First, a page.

Out of the products we listed, ISA Server offers the most flexibility. Trend Micro’s virtual appliance is somewhere in between a hardware and software solution; we’ll talk more about this in a follow-up article. CheckPoint VPN-1 Power, Cisco and ForeScout’s products are appliance based solutions. ISA Server has an edge (no pun intended) over the other products by combining a Web Proxy Service and a Firewall Engine in the same product. We’ll go into more detail about each of these firewalls in a follow-up article. Let’s continue and look at some common network firewall best practices.

Firewall Management Best Practices

Although not the ‘end all, be all’ answer to information security, firewalls are a necessary component of an effective network security infrastructure. There are a number of best practice policies to be considered to ensure your firewall is configured effectively. The list below is a good starting point, but should not be considered a ‘one size fits all’ solution. Each company has unique requirements and priorities that should be taken into account as well. A more detailed article will follow in which we focus on best practices for Microsoft ISA Server.

  • Your firewall by itself is not the only answer to manage your network security. Security is a complicated subject and there are other risks to consider.
  • Start by denying all traffic (ports) and only enable the ports, services, and protocols you need. For example if you operate an SSL secured website, you want to open port 443 in addition to 80,  or if you manage a mail server and want to allow IMAP traffic, you should open port 143.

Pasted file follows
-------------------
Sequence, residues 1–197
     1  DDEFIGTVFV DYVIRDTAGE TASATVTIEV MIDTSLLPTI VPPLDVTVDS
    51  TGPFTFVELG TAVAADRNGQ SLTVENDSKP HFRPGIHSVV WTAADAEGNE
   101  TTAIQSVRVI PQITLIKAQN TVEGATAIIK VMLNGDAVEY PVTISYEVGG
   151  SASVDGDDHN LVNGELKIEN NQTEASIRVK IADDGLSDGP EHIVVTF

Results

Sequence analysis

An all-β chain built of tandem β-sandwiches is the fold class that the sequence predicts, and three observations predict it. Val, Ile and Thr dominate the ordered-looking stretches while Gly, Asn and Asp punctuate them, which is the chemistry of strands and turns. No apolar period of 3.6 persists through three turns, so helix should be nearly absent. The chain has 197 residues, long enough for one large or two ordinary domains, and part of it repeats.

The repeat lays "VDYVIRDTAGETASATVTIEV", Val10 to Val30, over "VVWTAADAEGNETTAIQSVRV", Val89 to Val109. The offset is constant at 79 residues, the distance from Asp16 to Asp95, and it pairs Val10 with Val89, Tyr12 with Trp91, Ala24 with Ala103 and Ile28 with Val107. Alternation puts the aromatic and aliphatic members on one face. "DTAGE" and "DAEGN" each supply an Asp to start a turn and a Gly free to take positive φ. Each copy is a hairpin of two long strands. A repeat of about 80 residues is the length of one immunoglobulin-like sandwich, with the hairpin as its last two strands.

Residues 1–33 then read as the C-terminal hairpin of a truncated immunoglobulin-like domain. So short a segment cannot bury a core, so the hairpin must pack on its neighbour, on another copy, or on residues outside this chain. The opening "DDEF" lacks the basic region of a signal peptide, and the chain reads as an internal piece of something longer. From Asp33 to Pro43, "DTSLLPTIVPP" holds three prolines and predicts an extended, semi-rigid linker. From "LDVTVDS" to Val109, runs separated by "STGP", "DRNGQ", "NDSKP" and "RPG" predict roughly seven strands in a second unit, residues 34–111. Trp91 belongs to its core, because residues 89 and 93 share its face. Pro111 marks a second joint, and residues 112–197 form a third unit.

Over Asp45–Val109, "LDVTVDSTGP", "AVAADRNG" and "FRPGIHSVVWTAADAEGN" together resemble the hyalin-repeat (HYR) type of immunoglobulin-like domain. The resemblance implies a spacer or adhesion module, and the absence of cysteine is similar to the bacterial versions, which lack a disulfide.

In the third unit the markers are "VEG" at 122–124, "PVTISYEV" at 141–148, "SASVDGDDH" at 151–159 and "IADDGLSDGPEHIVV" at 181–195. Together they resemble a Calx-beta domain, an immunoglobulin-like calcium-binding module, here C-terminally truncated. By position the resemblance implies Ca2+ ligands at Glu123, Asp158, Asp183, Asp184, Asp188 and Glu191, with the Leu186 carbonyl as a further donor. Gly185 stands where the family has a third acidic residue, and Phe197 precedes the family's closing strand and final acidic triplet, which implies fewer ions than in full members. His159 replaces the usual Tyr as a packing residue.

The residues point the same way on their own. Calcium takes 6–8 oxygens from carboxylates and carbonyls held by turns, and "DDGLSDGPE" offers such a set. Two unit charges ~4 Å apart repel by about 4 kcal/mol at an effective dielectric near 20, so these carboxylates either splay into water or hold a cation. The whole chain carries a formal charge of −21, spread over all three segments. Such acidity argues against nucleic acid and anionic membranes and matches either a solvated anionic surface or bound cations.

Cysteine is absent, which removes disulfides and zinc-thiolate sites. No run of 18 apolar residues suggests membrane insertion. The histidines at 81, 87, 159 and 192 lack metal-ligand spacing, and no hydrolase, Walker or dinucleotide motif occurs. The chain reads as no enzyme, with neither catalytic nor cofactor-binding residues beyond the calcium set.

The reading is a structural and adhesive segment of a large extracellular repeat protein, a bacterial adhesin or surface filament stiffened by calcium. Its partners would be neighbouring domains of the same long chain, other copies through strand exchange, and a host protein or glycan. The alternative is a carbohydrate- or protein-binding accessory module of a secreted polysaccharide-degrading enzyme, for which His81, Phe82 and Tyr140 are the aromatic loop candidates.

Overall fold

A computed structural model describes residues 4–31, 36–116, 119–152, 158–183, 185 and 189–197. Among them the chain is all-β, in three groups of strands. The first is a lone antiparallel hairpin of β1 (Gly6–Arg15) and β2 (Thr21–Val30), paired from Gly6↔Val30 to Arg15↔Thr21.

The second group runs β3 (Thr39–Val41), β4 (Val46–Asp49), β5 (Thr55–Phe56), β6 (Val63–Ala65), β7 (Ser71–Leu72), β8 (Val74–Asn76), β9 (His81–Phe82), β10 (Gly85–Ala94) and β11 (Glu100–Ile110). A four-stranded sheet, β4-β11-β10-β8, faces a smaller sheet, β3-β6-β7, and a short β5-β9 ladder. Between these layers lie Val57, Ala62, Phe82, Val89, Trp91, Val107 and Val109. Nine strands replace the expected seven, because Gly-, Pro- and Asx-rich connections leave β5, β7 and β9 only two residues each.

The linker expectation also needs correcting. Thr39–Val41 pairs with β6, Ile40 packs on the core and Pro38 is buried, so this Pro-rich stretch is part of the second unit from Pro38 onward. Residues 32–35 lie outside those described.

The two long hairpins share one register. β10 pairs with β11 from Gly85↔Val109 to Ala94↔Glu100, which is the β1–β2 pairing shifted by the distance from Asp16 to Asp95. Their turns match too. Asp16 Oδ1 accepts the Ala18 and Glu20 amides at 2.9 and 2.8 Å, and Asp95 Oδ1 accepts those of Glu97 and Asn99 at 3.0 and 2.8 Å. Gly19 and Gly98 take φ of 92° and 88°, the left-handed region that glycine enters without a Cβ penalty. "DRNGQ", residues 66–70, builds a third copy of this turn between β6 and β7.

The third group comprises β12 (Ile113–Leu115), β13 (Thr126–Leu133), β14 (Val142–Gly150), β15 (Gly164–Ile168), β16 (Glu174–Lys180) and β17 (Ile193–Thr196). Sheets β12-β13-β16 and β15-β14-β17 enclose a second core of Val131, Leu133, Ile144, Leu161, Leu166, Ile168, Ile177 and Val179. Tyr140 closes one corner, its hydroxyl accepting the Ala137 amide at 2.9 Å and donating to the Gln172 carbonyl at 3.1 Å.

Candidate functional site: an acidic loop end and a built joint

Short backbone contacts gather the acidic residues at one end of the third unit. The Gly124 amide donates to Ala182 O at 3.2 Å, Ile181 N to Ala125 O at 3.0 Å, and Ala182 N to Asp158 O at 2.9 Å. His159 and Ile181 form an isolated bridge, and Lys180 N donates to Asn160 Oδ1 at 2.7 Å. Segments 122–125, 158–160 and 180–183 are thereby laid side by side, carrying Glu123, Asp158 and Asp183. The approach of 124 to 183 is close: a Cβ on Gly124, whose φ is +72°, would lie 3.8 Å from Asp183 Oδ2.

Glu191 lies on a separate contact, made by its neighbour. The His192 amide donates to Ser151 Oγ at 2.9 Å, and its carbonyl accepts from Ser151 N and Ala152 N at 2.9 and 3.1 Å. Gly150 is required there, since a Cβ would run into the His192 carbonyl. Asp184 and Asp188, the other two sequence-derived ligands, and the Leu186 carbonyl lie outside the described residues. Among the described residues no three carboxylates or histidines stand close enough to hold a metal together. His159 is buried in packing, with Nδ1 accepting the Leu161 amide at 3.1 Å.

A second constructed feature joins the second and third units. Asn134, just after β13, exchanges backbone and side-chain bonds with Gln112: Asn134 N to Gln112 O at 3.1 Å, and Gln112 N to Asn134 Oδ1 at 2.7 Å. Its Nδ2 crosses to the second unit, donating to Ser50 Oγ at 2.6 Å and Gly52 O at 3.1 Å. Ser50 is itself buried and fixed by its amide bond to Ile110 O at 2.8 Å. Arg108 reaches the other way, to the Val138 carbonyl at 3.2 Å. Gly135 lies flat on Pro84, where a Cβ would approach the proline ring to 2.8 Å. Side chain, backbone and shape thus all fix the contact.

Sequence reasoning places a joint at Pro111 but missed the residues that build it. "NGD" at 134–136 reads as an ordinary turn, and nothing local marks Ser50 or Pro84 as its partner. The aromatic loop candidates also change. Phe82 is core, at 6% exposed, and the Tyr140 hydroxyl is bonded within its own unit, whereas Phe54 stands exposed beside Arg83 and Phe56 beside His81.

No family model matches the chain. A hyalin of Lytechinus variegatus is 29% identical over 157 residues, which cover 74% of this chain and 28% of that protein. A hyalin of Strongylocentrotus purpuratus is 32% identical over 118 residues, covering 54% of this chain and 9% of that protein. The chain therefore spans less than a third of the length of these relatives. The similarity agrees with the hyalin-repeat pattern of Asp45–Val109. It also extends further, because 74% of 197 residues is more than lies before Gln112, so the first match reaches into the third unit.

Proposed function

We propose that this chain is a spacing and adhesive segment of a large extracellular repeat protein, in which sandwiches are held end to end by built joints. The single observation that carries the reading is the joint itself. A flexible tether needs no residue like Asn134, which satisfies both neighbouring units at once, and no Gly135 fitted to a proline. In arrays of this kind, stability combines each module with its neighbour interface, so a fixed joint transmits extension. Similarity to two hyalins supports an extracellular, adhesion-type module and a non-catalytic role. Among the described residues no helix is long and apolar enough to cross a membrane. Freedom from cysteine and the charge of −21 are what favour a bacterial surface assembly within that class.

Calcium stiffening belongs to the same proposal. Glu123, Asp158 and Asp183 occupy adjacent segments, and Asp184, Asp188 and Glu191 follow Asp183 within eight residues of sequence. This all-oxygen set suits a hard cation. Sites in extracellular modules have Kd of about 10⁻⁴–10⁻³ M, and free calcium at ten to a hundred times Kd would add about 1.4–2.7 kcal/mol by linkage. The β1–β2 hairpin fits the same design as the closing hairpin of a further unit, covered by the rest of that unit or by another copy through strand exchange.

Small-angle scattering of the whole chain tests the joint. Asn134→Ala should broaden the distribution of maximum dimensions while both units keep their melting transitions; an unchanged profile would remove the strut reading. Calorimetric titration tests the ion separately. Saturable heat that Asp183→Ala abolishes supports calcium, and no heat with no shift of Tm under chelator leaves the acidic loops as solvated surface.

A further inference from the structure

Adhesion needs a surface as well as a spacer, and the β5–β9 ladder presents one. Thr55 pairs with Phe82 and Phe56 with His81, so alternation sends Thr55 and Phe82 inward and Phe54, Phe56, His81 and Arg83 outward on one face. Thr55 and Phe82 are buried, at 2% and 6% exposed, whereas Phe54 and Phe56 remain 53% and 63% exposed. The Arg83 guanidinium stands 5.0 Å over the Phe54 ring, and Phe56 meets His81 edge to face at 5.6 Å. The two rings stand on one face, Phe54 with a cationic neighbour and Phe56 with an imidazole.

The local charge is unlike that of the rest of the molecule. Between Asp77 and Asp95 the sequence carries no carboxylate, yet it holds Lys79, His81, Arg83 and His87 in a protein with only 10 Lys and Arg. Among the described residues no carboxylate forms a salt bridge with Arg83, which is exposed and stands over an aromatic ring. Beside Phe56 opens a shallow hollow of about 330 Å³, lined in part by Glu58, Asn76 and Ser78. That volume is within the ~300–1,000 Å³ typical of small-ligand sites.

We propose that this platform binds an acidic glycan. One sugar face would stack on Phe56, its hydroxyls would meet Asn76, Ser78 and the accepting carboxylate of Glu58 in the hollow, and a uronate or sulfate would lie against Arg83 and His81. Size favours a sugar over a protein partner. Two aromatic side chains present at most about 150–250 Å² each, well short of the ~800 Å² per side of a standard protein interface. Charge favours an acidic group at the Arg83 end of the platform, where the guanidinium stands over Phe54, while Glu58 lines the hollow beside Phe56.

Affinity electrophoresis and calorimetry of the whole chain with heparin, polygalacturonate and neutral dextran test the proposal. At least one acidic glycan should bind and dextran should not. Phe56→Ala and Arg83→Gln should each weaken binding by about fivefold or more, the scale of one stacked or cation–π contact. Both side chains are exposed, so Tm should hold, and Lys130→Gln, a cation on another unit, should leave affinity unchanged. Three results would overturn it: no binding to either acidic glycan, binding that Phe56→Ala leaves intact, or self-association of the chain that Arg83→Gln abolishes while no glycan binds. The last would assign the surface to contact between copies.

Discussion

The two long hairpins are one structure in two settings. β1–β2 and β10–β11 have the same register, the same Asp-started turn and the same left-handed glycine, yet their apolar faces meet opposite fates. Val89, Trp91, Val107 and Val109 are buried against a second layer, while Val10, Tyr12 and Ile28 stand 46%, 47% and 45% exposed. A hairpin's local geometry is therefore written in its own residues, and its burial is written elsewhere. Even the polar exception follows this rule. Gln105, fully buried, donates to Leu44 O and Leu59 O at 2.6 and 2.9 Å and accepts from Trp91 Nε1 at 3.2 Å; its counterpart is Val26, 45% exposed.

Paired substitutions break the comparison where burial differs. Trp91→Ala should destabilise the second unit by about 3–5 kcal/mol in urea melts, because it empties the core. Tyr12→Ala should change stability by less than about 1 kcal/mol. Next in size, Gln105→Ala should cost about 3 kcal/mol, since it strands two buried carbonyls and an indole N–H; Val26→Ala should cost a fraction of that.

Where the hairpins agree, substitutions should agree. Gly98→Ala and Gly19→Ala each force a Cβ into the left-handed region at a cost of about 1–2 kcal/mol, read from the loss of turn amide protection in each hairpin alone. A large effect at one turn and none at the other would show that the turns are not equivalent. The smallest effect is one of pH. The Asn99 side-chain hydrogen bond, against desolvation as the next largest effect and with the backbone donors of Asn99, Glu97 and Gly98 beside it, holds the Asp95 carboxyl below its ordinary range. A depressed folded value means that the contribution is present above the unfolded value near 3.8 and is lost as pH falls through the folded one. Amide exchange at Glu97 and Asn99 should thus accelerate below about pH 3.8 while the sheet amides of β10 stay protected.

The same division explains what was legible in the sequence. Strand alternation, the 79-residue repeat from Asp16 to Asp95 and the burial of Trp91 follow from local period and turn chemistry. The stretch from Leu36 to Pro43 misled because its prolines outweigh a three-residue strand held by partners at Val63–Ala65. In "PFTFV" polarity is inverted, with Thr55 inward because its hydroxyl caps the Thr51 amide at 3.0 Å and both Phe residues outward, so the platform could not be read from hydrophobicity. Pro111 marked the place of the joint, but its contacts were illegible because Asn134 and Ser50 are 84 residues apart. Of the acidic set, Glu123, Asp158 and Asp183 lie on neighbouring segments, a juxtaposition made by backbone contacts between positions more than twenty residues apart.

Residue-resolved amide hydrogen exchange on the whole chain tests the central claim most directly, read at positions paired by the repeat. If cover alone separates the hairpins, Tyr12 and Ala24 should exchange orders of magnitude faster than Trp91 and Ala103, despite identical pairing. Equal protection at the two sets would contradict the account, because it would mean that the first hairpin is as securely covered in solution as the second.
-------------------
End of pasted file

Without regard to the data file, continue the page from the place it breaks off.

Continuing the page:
• Have a written information security policy and make sure your firewall configuration is consistent with that policy.
  • Don’t run other applications (virus scanning, content filtering, VPN, and authentication software) on the same system your firewall is running on. Leave those tasks to other dedicated systems that you setup behind the firewall.
  • Run the firewall service as a unique user id. Avoid using ‘administrator’ or ‘root’, and configure it before connecting the firewall to the public network or Internet.
  • In addition to standard packet filtering, use stateful inspection, proxies, and application level inspection where possible.
  • Filter packets for correct source and destination addresses. This keeps malicious traffic from your network and will help prevent Denial Of Service attacks.
  • Control physical access to the firewall.
  • Maintain a simple configuration, eliminating redundant rules.
  • Perform auditing and regular security tests against your firewall. Make sure to test your firewall in all directions and run separate tests with the rules enabled, but also with the rules disabled.
  • Enable managed firewall logging and alerting. If logging and alerting is not managed it is a waste of processor cycles.

There are a few other best practice guidelines, such as; outsourcing your firewall management to a service provider, implementing change-management practices, requiring remote computers to run personal firewall software, backing up the firewall rules, etc. Cisco provides a good whitepaper if you want to read more about network policies best practices:

In our next article ‘ISA Server Best Practices & Performance Monitoring‘, we’ll discuss Microsoft ISA Server in more detail and touch on best practices and monitoring for ISA server.